The Capitol Hill Historical Society held a brainstorming session Saturday, bouncing around ideas for a landmarks project that would highlight the history of the neighborhood.

CHHS co-founder Tom Heuser led the April 15 meeting, with Kristi Emigh providing an overview of the developing project.

There are 30 designated landmarks in Capitol Hill, but whether to focus on just those sites and structures was up for debate.

Emigh consulted with Cass O’Callaghan, treasurer for the Ballard Historical Society, regarding the steps the organization had to take to install 24 historic markers in its landmark district.

“She walked us through the process,” Emigh said, “and it’s very long.”

The Ballard Historical Society’s project started in 2005, and took two years to accomplish. There are now neighborhood walking tours associated with the district and its marked landmarks, Emigh said.

The large plaques, which have a photos of the sites or structures and informative text, costly $425 each to fabricate and install, Emigh said, and required permission from the property owners and Seattle Landmark Preservation Board.

Ballard’s project was funded through donations solicited from property owners and a Department of Neighborhoods grant. Heuser said he has someone who has volunteered to help write a grant request with DON.

A St. Joseph’s Church parishioner said she would ask its leadership about supporting the project, as the church is a Seattle landmark, as are several other houses of worship in Capitol Hill. Emigh said CHHS could start developing support there.

Heuser acknowledged placing plaques at 30 Capitol Hill landmarks would be a challenging and costly endeavor. At $425 apiece, that would be $12,750, and that price was a decade ago.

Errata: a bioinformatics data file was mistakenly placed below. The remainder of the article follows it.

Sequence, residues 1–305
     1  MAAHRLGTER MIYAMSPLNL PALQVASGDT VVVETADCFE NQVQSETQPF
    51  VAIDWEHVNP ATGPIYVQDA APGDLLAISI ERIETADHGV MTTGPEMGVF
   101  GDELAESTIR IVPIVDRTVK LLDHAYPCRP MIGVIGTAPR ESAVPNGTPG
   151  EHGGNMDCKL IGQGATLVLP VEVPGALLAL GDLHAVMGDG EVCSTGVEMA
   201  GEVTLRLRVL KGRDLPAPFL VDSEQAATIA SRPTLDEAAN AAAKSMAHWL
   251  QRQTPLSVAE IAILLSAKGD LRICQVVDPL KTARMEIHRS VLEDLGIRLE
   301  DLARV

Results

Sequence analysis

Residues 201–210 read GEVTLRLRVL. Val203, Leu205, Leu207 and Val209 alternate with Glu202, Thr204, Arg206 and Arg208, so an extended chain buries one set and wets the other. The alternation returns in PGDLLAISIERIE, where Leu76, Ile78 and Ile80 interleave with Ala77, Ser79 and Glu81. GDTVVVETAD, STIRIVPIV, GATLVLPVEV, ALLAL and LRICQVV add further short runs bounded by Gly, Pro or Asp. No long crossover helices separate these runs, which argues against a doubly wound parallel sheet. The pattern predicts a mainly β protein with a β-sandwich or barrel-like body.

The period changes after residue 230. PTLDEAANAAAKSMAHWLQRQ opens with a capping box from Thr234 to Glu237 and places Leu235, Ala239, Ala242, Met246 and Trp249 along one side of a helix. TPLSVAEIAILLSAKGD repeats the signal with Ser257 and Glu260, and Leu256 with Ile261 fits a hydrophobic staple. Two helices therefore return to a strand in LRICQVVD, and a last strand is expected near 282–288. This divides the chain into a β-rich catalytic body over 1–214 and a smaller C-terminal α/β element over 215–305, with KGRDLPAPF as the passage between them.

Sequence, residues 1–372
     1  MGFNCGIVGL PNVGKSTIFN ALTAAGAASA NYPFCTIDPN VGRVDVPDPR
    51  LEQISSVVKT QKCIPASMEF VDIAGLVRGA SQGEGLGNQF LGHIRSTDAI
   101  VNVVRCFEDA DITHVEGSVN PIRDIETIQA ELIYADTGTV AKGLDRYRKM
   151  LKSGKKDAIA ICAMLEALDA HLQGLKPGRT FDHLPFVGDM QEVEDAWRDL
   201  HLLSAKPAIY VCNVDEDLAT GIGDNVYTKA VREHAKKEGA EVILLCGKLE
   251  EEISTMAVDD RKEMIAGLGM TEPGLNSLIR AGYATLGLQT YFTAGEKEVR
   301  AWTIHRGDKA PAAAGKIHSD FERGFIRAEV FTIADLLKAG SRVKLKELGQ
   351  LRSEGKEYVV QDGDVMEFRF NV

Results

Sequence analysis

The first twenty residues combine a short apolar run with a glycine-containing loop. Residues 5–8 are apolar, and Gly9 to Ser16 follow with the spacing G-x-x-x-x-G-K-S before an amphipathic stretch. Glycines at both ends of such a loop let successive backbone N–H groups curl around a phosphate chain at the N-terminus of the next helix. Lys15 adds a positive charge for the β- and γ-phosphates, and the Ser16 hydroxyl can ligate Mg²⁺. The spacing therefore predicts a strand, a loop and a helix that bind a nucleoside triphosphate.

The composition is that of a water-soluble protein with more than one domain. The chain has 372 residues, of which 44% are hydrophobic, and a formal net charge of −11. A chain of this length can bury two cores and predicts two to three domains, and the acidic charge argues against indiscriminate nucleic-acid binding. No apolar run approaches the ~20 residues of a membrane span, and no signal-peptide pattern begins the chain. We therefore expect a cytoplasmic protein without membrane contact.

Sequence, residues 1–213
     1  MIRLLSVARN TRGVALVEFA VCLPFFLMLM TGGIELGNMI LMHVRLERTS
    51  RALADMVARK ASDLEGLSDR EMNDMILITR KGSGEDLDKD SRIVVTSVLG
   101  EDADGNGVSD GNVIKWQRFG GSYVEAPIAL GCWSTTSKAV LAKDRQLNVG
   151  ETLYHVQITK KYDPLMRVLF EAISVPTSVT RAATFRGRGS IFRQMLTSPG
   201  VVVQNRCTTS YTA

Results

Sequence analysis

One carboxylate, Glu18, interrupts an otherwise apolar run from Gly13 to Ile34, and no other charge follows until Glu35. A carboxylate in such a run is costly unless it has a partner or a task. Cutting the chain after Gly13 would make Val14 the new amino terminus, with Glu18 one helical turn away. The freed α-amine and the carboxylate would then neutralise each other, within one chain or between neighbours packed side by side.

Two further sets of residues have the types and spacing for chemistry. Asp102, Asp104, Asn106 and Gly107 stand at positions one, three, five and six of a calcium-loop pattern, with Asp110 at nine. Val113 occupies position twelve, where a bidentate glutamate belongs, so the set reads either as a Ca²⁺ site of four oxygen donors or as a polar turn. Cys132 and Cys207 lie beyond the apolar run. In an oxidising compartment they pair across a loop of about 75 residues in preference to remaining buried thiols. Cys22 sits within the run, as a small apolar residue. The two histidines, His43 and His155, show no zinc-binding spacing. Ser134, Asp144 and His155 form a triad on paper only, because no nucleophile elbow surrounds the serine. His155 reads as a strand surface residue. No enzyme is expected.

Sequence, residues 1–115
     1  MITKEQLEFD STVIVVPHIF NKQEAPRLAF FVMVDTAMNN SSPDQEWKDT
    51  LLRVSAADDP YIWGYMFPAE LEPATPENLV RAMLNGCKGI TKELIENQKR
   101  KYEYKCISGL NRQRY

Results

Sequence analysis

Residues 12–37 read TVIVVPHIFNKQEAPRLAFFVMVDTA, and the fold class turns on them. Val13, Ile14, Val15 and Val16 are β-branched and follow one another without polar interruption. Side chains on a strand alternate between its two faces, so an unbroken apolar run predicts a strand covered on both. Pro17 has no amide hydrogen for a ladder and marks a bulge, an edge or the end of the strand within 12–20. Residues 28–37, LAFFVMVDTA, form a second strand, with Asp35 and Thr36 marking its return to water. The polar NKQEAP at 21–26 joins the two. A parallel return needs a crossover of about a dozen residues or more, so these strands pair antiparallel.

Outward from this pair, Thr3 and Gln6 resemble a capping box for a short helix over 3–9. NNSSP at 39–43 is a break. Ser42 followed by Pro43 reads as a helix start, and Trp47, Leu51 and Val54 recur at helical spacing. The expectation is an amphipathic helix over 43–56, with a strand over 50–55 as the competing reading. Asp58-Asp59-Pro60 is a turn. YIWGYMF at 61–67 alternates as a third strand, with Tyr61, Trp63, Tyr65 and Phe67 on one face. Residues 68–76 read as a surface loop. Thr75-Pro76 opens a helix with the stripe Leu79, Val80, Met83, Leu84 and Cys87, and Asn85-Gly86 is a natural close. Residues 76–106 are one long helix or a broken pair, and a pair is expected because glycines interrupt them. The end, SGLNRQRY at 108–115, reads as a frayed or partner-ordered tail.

The CHHS co-founder suggested researching the landmarks to find themes that may help narrow the scope of the fledgling group’s first major public project.

Capitol Hill’s historic Auto Row district was an idea, but Heuser said there are not many buildings left from that time, and many are not landmarked. Resident Jason Weill said he likes the idea of highlighting the history of the Pike/Pine corridor, as it is also part of the Capitol Hill Arts District.

Long-time resident Dennis Saxman said he didn’t want to exclude other parts of the neighborhood’s history by just focusing on city landmarks. Troy Sterk said suggested maybe doing informational kiosks, which could be an easier process.

To get involved in the Capitol Hill Historical Society, which is still forming a board of directors, visit capitolhillpast.org, and join CHHS’s Facebook page at facebook.com/pg/CapitolHillHistoricalSociety.